I wonder how an individual staff member with his or her own private tweeter account can mistake the official US Embassy’s account for his/her own and use this way. And why did the US Embassy itself not detect the faux pas until it drew anger from Ghanaians before reacting this way? And to imagine that our own government didn’t immediately take up the matter to put the Embassy where it belongs is pathetic. Of course, it won’t surprise me if our Ministry of Foreign Affairs didn’t react as expected because….. you know why. Ghana is a small fry that cannot do without US backing and won’t want to bite the finger feeding it. If you doubt it, re-think!!
Within this context, we want to say that our government has to ensure that it is on top of affairs so that foreign missions operating in Ghana don’t abuse our leniency or hospitality to fuel the tension already rising as a result of orchestrations and manipulation of public sentiments by political opponents and the labour agitations going on.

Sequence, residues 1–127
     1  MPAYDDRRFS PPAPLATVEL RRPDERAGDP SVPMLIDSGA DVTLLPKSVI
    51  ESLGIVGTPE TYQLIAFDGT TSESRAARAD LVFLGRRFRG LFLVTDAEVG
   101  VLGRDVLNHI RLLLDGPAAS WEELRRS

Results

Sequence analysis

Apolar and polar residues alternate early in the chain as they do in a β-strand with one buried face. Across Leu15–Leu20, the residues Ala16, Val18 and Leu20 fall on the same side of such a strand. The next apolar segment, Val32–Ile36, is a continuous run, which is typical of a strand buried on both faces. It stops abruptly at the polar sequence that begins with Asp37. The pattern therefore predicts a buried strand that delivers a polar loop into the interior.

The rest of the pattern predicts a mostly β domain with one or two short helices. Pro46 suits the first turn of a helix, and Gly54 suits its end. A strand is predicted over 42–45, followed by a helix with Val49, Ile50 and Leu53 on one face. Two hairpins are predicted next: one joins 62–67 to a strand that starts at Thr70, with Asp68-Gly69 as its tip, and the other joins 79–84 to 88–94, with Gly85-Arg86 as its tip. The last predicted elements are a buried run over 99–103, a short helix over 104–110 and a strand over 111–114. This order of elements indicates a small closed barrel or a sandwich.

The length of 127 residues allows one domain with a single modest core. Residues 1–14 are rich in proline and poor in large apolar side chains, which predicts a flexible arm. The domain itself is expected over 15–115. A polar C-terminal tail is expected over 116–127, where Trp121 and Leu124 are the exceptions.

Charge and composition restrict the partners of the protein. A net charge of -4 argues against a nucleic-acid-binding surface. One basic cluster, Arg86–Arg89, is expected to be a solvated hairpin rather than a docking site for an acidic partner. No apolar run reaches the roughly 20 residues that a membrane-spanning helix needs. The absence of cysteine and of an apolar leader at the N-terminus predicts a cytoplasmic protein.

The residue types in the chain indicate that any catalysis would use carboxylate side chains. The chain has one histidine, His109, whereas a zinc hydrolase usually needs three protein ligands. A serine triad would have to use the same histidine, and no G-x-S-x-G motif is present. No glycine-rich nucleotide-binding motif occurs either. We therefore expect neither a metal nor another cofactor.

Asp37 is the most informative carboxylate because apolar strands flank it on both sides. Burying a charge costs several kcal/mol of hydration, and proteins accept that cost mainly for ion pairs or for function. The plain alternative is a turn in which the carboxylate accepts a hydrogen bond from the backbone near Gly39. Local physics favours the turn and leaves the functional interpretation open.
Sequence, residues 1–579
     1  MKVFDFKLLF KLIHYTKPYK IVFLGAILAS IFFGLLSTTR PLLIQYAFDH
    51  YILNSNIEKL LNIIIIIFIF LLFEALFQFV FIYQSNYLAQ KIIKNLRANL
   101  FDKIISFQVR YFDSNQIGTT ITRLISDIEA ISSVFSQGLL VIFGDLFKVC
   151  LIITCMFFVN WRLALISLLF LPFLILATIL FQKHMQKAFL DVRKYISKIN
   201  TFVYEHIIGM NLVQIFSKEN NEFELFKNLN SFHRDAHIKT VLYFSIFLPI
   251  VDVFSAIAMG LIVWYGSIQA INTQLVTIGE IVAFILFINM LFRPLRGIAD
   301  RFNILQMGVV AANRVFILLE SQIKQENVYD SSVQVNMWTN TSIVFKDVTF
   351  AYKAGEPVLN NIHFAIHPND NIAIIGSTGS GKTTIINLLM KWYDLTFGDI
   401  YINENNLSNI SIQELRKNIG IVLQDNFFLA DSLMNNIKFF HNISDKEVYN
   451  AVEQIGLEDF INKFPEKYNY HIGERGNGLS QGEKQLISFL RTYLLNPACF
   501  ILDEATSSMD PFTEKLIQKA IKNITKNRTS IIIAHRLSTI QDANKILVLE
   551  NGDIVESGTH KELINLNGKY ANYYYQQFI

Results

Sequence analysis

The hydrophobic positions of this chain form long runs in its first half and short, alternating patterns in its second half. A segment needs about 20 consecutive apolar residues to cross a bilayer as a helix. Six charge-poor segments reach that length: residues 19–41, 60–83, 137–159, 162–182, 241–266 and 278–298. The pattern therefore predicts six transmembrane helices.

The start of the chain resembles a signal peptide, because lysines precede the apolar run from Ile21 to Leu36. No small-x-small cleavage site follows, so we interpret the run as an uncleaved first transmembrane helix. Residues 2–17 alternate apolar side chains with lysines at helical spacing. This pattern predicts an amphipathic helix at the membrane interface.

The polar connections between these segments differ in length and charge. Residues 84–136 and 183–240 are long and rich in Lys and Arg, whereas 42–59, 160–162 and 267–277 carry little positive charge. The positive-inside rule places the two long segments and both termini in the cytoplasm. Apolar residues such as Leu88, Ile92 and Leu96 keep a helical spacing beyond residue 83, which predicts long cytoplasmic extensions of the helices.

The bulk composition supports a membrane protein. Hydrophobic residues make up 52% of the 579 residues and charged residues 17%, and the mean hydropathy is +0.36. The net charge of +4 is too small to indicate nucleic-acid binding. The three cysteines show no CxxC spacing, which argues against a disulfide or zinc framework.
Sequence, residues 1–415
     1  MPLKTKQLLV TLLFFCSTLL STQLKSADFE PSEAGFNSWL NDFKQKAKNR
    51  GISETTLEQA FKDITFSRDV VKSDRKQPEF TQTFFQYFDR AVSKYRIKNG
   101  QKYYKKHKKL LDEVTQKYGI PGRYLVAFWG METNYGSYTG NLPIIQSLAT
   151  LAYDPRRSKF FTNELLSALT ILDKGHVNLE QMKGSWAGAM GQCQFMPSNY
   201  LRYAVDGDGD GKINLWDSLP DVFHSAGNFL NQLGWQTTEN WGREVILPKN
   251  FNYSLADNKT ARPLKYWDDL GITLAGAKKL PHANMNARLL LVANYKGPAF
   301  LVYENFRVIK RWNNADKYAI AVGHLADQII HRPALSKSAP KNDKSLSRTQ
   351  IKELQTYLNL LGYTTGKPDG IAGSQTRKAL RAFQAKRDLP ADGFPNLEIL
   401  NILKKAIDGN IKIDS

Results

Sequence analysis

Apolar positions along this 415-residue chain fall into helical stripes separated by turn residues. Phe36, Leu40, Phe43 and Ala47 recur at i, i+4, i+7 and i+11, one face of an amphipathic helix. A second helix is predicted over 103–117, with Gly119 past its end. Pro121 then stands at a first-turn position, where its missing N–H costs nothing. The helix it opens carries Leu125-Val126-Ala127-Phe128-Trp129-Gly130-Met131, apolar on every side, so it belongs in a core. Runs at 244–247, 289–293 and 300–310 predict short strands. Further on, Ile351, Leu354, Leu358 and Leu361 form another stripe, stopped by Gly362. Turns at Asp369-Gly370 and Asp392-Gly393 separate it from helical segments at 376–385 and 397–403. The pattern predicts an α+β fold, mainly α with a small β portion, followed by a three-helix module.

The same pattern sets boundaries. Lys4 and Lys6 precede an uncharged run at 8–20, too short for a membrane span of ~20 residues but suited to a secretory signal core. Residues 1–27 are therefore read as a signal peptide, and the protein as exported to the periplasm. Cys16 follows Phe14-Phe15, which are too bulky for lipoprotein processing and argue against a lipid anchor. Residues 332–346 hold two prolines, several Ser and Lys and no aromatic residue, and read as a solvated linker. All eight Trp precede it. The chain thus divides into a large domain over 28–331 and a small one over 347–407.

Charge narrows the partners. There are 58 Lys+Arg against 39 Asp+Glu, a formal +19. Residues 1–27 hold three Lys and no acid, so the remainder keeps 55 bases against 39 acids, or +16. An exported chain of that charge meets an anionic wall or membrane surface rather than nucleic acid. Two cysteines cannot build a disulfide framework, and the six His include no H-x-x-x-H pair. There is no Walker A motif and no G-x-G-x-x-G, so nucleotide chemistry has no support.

When it comes to politically motivated problems in Ghana and the involvement of foreign missions, the US Embassy is a prime suspect. Precedent tells us that the US has been inquisitive and intrusive when it comes to Ghana’s internal political developments. Collaborating with the cowards in the security set-up and the United Party opponents of Dr. Nkrumah to overthrow his government in 1966 is known to us. So also do we recall the diplomatic and security crisis that occurred under Rawlings (I mean the Michael Soussoudis affair). We also recall the Wikileaks publications on Ghana as gathered through the US’ diplomatic cables. There are many other instances, which alert us to the fact that anything coming from the US Embassy in Ghana that muddies the waters has to be looked into seriously.